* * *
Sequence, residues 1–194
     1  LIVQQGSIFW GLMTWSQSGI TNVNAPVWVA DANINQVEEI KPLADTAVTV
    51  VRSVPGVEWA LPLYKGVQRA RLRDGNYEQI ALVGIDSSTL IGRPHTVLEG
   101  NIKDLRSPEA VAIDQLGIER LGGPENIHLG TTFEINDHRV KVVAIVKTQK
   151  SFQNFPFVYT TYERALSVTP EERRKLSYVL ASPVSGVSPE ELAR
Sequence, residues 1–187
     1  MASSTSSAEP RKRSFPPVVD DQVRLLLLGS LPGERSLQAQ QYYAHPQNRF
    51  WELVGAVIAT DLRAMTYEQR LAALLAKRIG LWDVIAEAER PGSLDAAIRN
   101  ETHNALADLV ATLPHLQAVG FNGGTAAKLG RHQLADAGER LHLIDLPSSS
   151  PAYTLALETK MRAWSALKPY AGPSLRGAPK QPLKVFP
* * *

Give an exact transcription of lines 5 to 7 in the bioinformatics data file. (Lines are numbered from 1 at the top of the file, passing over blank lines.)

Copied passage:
   151  SFQNFPFVYT TYERALSVTP EERRKLSYVL ASPVSGVSPE ELAR
Sequence, residues 1–187
     1  MASSTSSAEP RKRSFPPVVD DQVRLLLLGS LPGERSLQAQ QYYAHPQNRF